Sunny Love is self-described as a “short visual novel” but in truth, it is more of a vignette than a novel. I recognize the effort the developer has put into this, especially from the writing standpoint.
With H games, and other titular romance genre stories, much of the interest comes from the build-up to the sexy scenes. Unfortunately, this is an area that is glossed over. We can change the name of the MC, but we don’t learn much about them at all. We do not hear inner monologues; we are just being taken for a ride. There is no character digestion to be had, simply reactions.
You play as a photographer who meets up with a childhood friend. This points out the first issue with the plot: everything relies on the fact that the MC and Maya, the girl playing the role of “The Girl”, have known each other for years.
While normally this would be okay, as there can be great character development opportunities that arise from such a situation, this is unfortunately not the case. Instead, this is used as a license to skip past all the “getting to know you” parts of a romance and get right onto the “it’s okay if it is with you.”
Honestly, it feels a bit like you are starting from someone else’s save file where they have already gotten past the intro where you meet all the characters. Character development is nil, and the ratio of writing is 80% H scenes and 20% anything else. That 20% is used to set up the next H scene.
Each line by the girl is punctuated by a female voice making noises, which can get rather distracting after a bit. During the H scenes, you hear non-stop (and I mean non-stop) vocal “girl enjoying H scene” noises on a loop, and as these H scenes can last several minutes, this can really detract from what is going on.
When speaking about “what is going on” the answer is: not much. There are two or three poses or pictures per H scene, but most of it is descriptive writing. The game does not lean on the “visual” part of “visual novel” and goes for a tell-don’t-show writing method.
The unfortunate thing about writing in such a way stems from the limitation of the Ren’Py engine it is written on: You only have one or two lines per word box. This means you cannot string many descriptions together, you can’t describe the scene to the fullest. The end result of this is that any particular H scene is interchangeable with any other H scene, and there is little to differentiate things.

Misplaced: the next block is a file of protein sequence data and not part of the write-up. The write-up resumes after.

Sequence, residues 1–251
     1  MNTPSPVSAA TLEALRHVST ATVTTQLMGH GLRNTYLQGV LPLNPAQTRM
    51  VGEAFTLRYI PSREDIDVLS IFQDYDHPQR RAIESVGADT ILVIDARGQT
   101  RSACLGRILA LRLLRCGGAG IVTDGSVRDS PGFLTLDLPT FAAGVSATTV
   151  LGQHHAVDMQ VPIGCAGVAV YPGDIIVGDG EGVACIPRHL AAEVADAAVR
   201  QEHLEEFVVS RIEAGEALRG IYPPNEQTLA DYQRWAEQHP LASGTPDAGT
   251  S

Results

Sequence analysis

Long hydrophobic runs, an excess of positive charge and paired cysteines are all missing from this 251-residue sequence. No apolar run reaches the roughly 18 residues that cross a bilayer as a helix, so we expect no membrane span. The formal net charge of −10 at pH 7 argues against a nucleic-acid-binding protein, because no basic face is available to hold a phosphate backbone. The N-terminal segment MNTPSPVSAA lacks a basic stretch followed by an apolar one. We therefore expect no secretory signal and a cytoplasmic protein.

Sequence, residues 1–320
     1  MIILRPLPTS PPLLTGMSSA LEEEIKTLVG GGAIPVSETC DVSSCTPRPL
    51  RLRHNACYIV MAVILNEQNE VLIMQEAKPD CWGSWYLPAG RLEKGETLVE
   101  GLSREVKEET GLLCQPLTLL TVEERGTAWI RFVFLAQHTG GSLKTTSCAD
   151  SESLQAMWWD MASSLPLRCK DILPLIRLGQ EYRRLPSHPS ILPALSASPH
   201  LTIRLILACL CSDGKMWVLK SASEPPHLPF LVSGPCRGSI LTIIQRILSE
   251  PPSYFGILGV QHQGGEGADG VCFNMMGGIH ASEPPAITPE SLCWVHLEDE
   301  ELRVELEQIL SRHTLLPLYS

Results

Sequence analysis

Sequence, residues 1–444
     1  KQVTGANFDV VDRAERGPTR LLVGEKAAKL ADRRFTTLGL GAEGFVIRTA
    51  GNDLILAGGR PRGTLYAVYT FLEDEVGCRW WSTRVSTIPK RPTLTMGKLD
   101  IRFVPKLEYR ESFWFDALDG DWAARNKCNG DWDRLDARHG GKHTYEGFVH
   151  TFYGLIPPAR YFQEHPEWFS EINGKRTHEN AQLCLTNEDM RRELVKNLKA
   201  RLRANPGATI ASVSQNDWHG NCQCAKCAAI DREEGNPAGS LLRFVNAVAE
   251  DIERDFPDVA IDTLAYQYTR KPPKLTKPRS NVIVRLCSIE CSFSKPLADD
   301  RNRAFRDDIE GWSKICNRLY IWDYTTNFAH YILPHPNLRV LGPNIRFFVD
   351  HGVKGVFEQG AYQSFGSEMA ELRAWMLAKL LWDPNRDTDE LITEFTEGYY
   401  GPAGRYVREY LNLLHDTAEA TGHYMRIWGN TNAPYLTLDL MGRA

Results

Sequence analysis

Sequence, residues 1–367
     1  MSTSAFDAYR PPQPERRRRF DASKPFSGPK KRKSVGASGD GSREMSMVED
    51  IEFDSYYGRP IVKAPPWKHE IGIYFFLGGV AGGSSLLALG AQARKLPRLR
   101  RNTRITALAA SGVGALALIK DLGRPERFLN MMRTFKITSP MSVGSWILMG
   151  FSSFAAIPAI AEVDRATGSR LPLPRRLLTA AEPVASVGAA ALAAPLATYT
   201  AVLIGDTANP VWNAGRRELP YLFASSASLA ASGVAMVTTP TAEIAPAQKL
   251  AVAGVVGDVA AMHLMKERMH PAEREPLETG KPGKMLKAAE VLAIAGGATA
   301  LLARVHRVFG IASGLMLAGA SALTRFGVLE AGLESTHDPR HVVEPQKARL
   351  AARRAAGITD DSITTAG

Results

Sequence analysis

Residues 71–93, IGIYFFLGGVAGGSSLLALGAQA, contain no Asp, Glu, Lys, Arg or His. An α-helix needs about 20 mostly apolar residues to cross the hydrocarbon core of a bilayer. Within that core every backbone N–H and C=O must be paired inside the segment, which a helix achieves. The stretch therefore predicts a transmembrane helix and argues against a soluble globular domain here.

When you are not using the visual aspect of the visual novel medium, and when you focus instead on the writing aspect in an engine not built to allow verbose writing, you are stuck with something that is in between.
I see what the developer wanted to do, and I really want to see the story that was intended, it just feels like it was handicapped on both aspects, being neither truly visual nor much of a novel.
Finally, when the game you are making is a visual novel, you need to do proofreading and spell checking. The words are the core part of your story, and it needs to be localized well.
The entirety of the game lasts about 40 minutes max to see all content available in this game. This includes all choices (of which there are 3), all endings, and all H scenes.
All of this being said, the author has done something wonderful that most people don’t do: they put themselves out there and created something. That is something that most of us only dream of doing. Everything that I write here is intended to be well-meaning, as Byaka Games obviously has drive and talent. I want to see more from them in the future.
In its current state, I cannot recommend this game at the current price point of $10 on its merits alone. I would, however, consider it worthwhile to use that money to encourage Byaka Games to create more games, hone their skills, and continue building new things that add to the H games community.
I look forward to their next work!